Traditional coding is simple, you write the code, and execute it. To execute the file, a command shell is provided for that, and it is done.
For GUI, the simple concept is that a person write a piece of code, and execute it. What makes it complex is the callback/signal-slot/non-sequential coding methodology, which requires advanced C++ programming to conquer the UI solution.
However, it is not the end of the story. When the OS is to be interacting with the APP, things are a little bit more complex. And most out of it, “different OS” act differently.
For the windows, double click of a file indicating executing the binary in a different process, which means that you’ll get the second/third/fourth window. When the file is executed, (as long as I know from at least windows XP) the filename is sent to the process directly, which is simple.
For the mac, double click acts totally different. When the double click is activated, the request is sent directly to the “already opened” process, unless the app is executed from the command line with “open -na” option. Besides, the filename that you choose will be sent to the app by using the event. To access the filename, you need to create event reception personally to accomplish that.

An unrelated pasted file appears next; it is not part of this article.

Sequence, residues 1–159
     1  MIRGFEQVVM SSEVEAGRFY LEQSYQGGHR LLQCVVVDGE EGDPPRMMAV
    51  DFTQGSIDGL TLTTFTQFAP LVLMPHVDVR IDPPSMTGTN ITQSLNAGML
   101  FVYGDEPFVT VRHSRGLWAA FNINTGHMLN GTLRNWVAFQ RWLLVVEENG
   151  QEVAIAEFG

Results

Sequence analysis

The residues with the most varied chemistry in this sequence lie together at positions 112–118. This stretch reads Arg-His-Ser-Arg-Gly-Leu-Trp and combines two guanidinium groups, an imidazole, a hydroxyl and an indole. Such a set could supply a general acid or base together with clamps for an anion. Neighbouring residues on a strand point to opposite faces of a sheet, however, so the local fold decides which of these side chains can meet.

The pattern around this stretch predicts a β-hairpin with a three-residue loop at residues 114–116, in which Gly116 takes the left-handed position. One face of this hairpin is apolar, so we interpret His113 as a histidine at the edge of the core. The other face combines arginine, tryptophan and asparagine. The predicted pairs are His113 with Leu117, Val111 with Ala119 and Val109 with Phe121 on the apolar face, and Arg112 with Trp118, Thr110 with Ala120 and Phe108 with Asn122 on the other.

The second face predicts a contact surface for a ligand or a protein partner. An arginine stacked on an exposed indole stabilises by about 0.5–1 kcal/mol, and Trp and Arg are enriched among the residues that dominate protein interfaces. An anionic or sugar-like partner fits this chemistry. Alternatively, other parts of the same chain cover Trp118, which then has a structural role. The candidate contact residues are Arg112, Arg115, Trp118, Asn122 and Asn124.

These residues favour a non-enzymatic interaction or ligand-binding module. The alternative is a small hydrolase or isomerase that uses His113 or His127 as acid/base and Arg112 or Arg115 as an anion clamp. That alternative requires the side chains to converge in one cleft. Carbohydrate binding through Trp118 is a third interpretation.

Therefore, modifying the application for different OS requires multiple instantiation and different redirection approach.
To achieve single application for multiple filename sending request, the first priority is the ability to open many window for one application, and the second would be sending the filename from different process to the single process. For MAC, opening multiple window is enough for the single application request.
UI style is always a battle, and neither will win the war ~~ Unless another killer concept is proposed, and the traditional need is also taken into consideration.